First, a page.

ABC News' Sheila Marikar ( @ sheilaym) reports: While Sarah Palin ponders her political future, one of her former aides is releasing a tell-all saying the former governor of Alaska was eager to leave office for more high-profile opportunities.
Ex-Palin staffer Frank Bailey wrote "Blind Allegiance to Sarah Palin: A Memoir of Our Tumultuous Years," due out Tuesday. It's based on tens of thousands of emails that Bailey said he kept during his time with Palin, beginning with working on her 2006 gubernatorial campaign. He stayed with Palin through her failed run for vice president in 2008 and during her two and a half year stint as governor.
Bailey paints Palin as a self-serving rule breaker. He claims she worked with the Republican Governors Association to violate campaign rules in her 2006 gubernatorial campaign. According to a copy of the book obtained by The Associated Press, Bailey also gripes about Palin's inability to adhere to a schedule, saying, "Getting Sarah to meetings and events was like nailing Jell-O to a tree." He writes that it was hard to find people to fill the job as her scheduler, both on the campaign trail and when she was governor, "because Sarah might fail to honor, at the last minute, the smallest commitments, and making excuses for her became a painful burden.''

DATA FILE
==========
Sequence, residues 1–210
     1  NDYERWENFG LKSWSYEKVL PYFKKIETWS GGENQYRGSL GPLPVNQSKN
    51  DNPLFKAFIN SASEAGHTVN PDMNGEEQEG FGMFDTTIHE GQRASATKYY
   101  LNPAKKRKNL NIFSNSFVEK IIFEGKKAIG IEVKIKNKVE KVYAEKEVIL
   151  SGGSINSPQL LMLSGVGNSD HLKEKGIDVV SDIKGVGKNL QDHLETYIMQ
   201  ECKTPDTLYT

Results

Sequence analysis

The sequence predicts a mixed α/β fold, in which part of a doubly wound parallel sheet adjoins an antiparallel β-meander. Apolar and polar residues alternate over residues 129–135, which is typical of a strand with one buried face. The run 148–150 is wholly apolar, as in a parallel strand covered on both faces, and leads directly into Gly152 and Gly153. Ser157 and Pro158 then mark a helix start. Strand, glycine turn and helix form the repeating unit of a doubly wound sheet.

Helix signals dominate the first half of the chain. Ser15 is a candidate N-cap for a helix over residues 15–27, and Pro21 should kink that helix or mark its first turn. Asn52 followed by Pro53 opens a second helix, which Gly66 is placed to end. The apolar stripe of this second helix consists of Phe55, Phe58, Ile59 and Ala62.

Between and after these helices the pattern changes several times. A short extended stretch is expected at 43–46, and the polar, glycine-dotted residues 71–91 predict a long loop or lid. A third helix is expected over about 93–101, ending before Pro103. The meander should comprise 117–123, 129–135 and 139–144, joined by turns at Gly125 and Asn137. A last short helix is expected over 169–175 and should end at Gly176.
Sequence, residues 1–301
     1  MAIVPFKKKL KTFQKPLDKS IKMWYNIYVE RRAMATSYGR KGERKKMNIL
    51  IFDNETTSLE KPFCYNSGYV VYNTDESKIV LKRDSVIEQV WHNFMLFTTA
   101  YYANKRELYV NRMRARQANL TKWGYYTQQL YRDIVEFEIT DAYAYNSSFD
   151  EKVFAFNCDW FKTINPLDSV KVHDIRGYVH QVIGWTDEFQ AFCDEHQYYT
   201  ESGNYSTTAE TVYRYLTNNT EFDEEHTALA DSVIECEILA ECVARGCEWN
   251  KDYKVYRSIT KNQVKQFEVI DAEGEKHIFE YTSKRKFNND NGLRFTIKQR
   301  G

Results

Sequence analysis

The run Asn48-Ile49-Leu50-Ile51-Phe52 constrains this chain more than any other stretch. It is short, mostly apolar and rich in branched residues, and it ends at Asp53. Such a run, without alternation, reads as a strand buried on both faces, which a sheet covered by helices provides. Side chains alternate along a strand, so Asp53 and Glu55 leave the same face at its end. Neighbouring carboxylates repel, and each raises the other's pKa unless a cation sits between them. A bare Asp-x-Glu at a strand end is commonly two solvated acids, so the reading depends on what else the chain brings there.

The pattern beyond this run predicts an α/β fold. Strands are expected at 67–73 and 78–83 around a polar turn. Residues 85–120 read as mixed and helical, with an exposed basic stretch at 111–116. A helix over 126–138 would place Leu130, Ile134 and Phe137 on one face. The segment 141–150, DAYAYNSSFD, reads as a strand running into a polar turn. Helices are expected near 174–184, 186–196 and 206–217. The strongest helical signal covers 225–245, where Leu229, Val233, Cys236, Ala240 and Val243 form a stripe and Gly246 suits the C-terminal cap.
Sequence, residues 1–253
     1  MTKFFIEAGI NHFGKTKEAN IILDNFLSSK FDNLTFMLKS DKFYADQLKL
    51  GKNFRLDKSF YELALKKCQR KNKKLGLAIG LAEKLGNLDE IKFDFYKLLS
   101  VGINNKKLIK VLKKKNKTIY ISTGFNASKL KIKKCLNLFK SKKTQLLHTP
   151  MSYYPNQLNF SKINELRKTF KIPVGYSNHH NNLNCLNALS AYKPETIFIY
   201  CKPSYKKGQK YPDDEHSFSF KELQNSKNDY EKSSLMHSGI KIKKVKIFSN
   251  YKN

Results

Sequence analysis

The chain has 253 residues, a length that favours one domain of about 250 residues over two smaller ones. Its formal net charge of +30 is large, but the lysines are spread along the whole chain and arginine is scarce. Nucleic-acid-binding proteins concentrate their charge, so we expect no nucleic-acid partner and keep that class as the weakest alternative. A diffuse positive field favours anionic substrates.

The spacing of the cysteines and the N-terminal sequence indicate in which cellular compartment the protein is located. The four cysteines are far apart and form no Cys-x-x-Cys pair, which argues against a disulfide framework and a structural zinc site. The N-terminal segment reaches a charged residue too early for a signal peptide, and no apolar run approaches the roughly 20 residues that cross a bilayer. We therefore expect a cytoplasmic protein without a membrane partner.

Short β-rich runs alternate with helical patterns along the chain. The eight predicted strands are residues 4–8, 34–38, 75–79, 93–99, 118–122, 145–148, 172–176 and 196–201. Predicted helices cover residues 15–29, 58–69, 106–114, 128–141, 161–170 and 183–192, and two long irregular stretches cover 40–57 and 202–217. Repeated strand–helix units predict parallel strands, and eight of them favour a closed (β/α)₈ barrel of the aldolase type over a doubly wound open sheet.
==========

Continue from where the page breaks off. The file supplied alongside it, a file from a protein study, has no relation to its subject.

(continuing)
In February 2009, back in Alaska governor's office after her failed run for vice president, Bailey claims Palin told him she'd "quit tomorrow" if "she could find the right message to tell Alaskans," according to The AP. She resigned five months later, in July 2009.
Bailey's use of the emails in "Blind Allegiance" could be problematic. Executive ethics laws prohibit former public officials from using information gained during their service for personal profit if the information hasn't been released publicly. Alaska has yet to release thousands of emails that Palin sent and received during her time as governor, and the Alaska attorney general's office has said it's investigating Bailey's use of the emails.
Bailey's attorney told The AP that Bailey took "great care" to make sure his writings meshed with legal requirements.
Representatives for Palin declined ABC News' requests for comment on "Blind Allegiance."